You are helping not only students to learn English, but also teachers to improve their teaching method with many workshops. Please tell us about your experience of organizing those workshops.


Teacher workshops are on every Wednesday afternoon at the Natsagdorj Library in the American Corner Program Room. The goal is to provide teachers with professional development in language teaching methods through practice. Some memorable workshops this past year included: using ChatGPT to support language lessons; project-based language learning; and, methods for learning new English vocabulary. 


Are there any difficulties related to teaching English in Mongolia?


I’ve experienced three main challenges of teaching English in Mongolia. Many Mongolian children have been exposed to a lot of English input through Smartphones, iPads, and TV channels like Nickelodeon. That’s good. But it doesn’t allow learners to practice productive skills like speaking. Many teachers tell me that they don’t practice English speaking in class because speaking isn’t assessed on the university entrance examination or there aren’t native English speakers to practice with. Many students don’t want to speak for fear of making a mistake in front of the class or the teacher. However, my experience is that all that students need is permission to speak, especially in pairs or groups, where they can express themselves. Another difficulty is how to integrate digital technology to support lessons in the classroom, especially for writing and speaking. 

A second difficulty is the pressure many teachers have to use digital apps in their classrooms. My suggestion for language teachers is:  don’t use the app unless it will help your students learn to use the language. A final difficulty is the assumption that IELTS is the only proficiency exam for studying abroad or assessing one’s level. IELTS is expensive for many. The truth is that due to artificial intelligence and the pandemic there are many different English proficiency tests that are cheaper, can be taken at home or on a mobile phone, and are internationally recognized like EFSET and English Score, both free; and the Duolingo English Test.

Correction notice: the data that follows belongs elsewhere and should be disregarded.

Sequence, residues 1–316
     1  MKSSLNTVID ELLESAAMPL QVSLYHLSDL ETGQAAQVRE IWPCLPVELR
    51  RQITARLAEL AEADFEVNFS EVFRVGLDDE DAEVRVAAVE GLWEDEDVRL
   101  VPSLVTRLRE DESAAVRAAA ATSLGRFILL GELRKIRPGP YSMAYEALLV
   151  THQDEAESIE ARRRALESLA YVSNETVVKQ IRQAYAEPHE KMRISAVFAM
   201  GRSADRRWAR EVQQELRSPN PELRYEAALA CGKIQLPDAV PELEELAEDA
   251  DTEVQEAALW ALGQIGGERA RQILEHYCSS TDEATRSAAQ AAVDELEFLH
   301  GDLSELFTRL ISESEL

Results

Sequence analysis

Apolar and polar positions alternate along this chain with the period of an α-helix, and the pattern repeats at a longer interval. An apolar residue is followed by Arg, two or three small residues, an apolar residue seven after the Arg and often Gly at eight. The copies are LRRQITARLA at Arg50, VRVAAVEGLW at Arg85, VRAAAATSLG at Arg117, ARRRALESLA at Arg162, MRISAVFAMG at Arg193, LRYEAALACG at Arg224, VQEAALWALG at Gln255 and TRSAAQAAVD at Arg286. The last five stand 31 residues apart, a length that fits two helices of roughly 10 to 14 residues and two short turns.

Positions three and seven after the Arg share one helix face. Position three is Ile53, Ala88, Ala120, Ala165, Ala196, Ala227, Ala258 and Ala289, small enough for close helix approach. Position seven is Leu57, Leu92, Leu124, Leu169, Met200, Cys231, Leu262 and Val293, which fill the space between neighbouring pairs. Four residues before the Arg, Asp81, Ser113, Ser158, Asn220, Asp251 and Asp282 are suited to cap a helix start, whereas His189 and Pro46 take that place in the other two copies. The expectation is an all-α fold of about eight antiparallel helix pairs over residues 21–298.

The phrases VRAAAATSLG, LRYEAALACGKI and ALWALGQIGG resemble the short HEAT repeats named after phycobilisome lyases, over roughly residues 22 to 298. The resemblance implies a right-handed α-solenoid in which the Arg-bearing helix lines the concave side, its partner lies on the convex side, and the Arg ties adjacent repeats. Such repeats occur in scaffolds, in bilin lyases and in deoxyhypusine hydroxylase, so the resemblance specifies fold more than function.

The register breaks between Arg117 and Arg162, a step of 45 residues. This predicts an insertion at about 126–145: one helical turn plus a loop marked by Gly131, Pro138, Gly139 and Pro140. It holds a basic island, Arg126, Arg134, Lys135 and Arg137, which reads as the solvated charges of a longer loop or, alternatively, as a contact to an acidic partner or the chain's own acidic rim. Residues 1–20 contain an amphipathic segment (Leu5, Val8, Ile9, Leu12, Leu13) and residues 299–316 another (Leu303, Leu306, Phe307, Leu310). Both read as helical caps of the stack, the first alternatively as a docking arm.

As a foreigner, what was something that surprised you the most when you came to Mongolia?


Too many things. All positive. Like the hospitality of trusting anyone to give you a ride as an informal taxi, the kindness of strangers, the sharing of food, and invitations to attend family gatherings like Tsagaan Sar. These are wonderful traditions that set Mongolia apart.  


Is there one specific thing that is related to Mongolian culture that attracts you and other foreigners coming to Mongolia?


While there are many wonderful cultural traditions, one attractive part of the culture that I love is the democratic spirit in Mongolian culture. Maybe it’s the collective vulnerability of dealing with harsh winters and zuds, but that shared harshness binds people together, to look out for each other, to live the words: we can only survive if we work together. That’s a message that America needs to learn from Mongolia!


How has Mongolia changed over time during your stay?


I think the country has been through a lot recently. I’ve seen many new housing developments, a growth in technology, and of course, more cars! The pandemic was harsh, as was inflation. But the people have a resilient spirit here. 


From your perspective, can you share your thoughts on the future of Mongolia?


I think the future is bright for Mongolia. People work very hard. They support each other. They learn from mistakes. They embrace change. They want their children to have a better life. They have wonderful cultural traditions. These are clearly values that I think will continue to grow in the future, and are values that Americans can learn from.